At PipelineDeals, we follow the microservice architecture pattern. Many of our features are separate applications that expose a REST API. But this poses a challenge for testing our service applications.
This post describes a strategy for using an adapter to isolate the service in question, and then outlines a different strategies for testing the service integration.
Before going further, it’s important to have a good definition of a unit test vs integration test. I realize this may be slightly pedantic, but it will help frame the discussion going forward.
- Tests behavior of low-level functions
- OK to use test doubles
- Can serve as documentation for a function, for other developers
- Very specific and fine-grained.
- Tests and ensures the behavior of the system as a whole
- Generally not the best time to be using mocks.
- Tests from a high level or a user perspective
It will be important to keep these distinctions in mind when we go forward and talk about strategies for testing services.
Architecture of the core app
The best strategy a client application can take is to abstract off all calls to the remote service to its own adapter class. Let’s say you have a client app that needs to communicate with Dropbox (The external service app). In that case, the best thing to do is set up a DropboxAdapter class, and move all communication to and from Dropbox to that class.
When creating the adapter class strive for the following:
- One call to the external service per method. We can compose these methods together to form a behavior in other classes.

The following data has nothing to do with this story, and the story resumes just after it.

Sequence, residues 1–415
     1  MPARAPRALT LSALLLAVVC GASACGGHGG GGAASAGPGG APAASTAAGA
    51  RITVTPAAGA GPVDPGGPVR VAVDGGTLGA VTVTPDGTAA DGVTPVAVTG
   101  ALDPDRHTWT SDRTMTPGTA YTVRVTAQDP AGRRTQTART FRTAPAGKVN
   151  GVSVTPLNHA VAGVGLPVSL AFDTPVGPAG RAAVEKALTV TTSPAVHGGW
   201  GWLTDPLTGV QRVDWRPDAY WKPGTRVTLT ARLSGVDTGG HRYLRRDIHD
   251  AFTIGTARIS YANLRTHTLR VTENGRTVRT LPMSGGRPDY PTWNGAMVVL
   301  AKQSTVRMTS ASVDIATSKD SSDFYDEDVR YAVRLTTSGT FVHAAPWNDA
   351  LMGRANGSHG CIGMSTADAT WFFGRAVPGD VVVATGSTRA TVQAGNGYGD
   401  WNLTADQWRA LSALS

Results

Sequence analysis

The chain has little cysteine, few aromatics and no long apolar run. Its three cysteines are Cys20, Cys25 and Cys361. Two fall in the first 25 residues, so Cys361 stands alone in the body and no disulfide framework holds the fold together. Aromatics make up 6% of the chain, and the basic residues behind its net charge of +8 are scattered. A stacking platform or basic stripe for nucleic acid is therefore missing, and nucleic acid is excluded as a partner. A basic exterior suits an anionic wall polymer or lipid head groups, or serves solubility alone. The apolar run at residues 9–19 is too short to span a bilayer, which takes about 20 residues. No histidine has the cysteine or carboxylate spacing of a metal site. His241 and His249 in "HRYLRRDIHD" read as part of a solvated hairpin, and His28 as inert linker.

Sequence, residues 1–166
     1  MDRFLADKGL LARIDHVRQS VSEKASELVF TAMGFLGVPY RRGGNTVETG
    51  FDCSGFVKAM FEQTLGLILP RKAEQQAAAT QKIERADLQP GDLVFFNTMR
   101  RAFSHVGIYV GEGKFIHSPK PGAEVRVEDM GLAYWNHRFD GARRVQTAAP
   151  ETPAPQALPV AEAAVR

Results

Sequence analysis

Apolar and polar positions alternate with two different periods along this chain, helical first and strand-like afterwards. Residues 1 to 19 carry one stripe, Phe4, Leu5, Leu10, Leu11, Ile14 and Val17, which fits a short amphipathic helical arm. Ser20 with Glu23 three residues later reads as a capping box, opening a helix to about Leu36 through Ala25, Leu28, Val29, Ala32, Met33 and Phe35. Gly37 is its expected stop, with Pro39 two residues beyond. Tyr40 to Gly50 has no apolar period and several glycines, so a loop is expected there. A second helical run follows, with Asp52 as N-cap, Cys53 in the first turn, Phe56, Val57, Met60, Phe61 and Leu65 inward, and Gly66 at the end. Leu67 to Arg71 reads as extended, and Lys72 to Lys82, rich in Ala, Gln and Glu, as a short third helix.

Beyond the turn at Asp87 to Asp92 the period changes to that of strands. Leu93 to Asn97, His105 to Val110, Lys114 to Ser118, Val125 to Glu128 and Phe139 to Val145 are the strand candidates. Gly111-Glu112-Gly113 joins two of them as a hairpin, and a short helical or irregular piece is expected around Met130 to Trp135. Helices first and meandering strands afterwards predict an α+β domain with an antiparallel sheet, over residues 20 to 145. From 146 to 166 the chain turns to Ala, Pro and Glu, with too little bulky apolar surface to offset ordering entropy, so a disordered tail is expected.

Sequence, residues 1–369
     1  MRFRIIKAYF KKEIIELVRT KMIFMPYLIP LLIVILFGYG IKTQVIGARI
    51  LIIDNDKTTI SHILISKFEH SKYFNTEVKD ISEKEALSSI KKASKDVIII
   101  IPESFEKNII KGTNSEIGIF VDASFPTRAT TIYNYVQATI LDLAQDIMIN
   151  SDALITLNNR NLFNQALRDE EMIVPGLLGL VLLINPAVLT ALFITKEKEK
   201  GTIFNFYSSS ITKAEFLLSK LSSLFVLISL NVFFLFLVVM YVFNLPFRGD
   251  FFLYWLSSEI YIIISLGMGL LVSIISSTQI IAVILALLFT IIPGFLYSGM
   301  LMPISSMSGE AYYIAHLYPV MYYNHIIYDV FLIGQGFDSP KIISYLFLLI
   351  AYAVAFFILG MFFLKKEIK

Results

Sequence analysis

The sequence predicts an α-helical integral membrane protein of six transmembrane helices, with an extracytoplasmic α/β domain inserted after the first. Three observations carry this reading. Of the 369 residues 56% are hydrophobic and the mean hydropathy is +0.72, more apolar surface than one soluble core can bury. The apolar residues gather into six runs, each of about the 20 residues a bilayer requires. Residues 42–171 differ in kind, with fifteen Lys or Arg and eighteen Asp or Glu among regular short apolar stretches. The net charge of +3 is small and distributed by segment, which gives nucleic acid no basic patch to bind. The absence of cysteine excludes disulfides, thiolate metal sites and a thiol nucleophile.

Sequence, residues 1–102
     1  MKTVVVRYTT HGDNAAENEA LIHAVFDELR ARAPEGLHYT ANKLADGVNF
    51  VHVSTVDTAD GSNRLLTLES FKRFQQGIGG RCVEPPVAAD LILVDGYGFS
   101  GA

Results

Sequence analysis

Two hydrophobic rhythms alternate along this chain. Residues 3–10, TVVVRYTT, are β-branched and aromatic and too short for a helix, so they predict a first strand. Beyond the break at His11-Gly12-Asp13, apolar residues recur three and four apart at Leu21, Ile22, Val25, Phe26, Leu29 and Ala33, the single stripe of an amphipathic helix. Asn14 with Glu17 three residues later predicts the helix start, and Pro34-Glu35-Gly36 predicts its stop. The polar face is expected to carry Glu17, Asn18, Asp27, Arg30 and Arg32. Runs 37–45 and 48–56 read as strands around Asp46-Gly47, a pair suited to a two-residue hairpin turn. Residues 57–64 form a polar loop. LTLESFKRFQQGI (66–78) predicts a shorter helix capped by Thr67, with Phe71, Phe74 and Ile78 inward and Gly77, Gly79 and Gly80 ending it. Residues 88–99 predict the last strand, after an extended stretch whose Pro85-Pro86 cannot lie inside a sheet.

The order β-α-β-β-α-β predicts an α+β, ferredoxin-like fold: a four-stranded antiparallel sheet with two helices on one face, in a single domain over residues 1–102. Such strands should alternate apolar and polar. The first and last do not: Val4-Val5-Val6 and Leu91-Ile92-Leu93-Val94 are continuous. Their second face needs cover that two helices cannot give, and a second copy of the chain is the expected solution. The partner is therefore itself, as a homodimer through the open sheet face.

- If the response from the external service is crazy, it is ok to sanitize that response into a simple hash or class.
truefor 200 responses.
- Throw an exception for other types of responses.
If you follow the rules above, you’ll find that testing will be a breeze.
What does wrapping up the
DropboxClient give us? The ability to stub out a specific response later, in tests!
Unit Testing the adapter class, and avoiding VCR abuse
At PipelineDeals, we are big fans of the VCR gem. However, we find that its use in test can easily be abused. If you find that making an innocuous change in your client app leads to 50 spec failures because the VCR cassettes need to be re-recorded, that’s a sign of VCR abuse.
Testing the service adapter class with VCR is an appropriate use of VCR. We are using it to assert the sanity of our adapter class, which we will use in other classes to compose behaviors we want. So long as we strive to have only one remote service call per service adapter function, things will remain sane..
If possible, always strive to have a minimal number of external requests in a single VCR cassette. 1 request per cassette is ideal. However, in some cases you need 2 requests – one to make the state change in the remote service, and another request to verify the state change. The
put_file request needs 2 requests to ensure the state change was correct on the remote service.
Using VCR like this is acceptable because after our adapter is fleshed out, it’s unlikely to change often. Perhaps if the external service’s API changes, or if we make major changes to our method signatures, but the service adapter should be low-level enough that these changes should happen but once in a blue moon.
Unit testing the classes that use the service adapter